Organization says the best way for clients to select an adviser is ‘to have a conversation’ with the adviser
This article by Mark Schoeff Jr. originally appeared on Investment News
The Certified Financial Planner Board of Standards Inc. has removed descriptions of how advisers are compensated from the profiles of CFP certificants on a website designed to help consumers select an adviser, the organization said in an email sent Monday to CFPs.
The CFP Board scrubbed from the Find Your CFP Professional search function on its letsmakeaplan.org website references to how CFPs are paid.
“The three compensation method categories previously provided by the search tool – Commission-only, Commission and Fee and Fee-Only – were broad enough to capture the various compensation methods financial planners use today, but not very specific or helpful to consumers,” the CFP Board said in a letter to certificants Monday. “We believe the best way for consumers to select their financial advisor is to have a conversation with their prospective advisor.”
The letter goes on to say: “To help consumers make an educated decision about choosing and hiring a financial advisor, we have also updated the set of Questions to Ask Your Financial Advisor on the letsmakeaplan.org website.”
The website is featured in the organization’s approximately $11.7 million annual advertising campaign to raise consumer awareness of the CFP credential.
Last year, the CFP Board approved raising the advice standard connected to the credential. Under the strengthened rules, CFPs must act as fiduciaries at all times while giving advice to clients. Previously, the fiduciary requirement only applied to CFPs when helping their clients with financial planning. The new standard goes into force on June 30.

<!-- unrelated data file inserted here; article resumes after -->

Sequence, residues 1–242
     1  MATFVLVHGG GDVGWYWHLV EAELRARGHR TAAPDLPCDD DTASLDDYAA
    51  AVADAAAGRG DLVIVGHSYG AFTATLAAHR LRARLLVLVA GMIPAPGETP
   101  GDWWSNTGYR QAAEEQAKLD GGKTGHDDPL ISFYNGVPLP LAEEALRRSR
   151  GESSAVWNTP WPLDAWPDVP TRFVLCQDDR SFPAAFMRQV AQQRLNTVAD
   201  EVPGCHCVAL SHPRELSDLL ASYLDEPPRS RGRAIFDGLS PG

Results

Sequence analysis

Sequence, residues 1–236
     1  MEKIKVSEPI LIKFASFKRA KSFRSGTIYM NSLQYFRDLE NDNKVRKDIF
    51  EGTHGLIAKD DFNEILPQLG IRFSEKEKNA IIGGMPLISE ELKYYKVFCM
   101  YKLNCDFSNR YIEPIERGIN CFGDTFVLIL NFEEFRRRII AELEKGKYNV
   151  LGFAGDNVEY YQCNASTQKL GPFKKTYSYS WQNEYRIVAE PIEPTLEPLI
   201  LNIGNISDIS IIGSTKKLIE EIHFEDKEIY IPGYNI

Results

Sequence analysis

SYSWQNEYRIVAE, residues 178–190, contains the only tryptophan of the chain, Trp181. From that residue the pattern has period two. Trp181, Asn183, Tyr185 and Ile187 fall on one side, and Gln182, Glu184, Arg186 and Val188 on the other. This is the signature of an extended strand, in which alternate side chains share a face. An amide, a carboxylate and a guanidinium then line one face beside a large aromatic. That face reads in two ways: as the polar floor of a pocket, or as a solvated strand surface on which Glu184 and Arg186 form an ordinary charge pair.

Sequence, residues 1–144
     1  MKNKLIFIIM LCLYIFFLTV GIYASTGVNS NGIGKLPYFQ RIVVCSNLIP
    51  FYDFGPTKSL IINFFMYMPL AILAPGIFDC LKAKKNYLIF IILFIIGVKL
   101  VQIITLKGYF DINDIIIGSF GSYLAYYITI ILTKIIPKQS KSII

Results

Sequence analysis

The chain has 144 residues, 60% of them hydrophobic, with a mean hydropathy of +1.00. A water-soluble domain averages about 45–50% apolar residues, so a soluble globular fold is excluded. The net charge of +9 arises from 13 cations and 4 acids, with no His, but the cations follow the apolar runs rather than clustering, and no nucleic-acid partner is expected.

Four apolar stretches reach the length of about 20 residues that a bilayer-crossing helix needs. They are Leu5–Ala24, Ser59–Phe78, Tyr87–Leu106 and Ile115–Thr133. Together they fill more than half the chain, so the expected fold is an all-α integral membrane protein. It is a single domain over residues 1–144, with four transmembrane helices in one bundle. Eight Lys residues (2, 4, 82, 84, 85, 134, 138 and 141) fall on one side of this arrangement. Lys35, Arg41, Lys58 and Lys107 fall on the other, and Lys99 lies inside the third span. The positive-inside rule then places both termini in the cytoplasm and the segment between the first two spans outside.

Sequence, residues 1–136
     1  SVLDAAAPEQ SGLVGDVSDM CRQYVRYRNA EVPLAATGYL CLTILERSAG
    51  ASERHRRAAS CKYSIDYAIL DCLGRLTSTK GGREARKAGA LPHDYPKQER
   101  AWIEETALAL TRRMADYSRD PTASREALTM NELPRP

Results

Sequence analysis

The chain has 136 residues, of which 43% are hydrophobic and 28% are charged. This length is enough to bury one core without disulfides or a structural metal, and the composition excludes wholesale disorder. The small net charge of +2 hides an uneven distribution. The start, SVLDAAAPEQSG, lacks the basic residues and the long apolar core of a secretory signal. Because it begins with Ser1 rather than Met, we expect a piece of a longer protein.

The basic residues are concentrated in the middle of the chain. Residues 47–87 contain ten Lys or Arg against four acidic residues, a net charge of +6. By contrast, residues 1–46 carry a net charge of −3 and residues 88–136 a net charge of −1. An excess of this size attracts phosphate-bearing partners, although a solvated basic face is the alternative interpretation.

“CFP professionals are expected to adhere to CFP Board’s standards, including our Code of Ethics and Standards of Conduct, regardless of business model or compensation method,” the Monday letter states.
A CFP must disclose to clients prior to doing business with them how the client pays for products and services and additional costs they may incur, such as management fees, surrender charges and sales loads, the letter states.
For CFPs who already display their compensation method on the website, the information “will eventually move to another section of your CFP Board account,” according to the letter.
Compensation methods have been a source of controversy for the CFP Board for years. The organization won a court case brought by CFPs who were disciplined for describing their practice as fee-only when they received commissions in one part of their operation.
Many advisers and investor advocates assert that fee-only advice is the best protection against adviser conflicts of interest.
Knut Rostad, president of the Institute for the Fiduciary Standard, said investors should have a clear idea of which advisers are fee-only. The CFP Board’s move is also inconsistent with the SEC’s current focus on and the CFP Board’s past statements about the importance of compensation disclosure, he said.
“It’s a huge mistake,” Mr. Rostad said.
“In every aspect that we can see, it is anti-consumer and anti-fiduciary,” he added. “The CFP Board should reverse the decision, acknowledge it’s a mistake and move on.”
Michael Kitces, a partner and director of wealth management at Pinnacle Advisory Group, was surprised by CFP Board’s decision to remove compensation descriptions from the website.
Read the rest of the article on Investment News.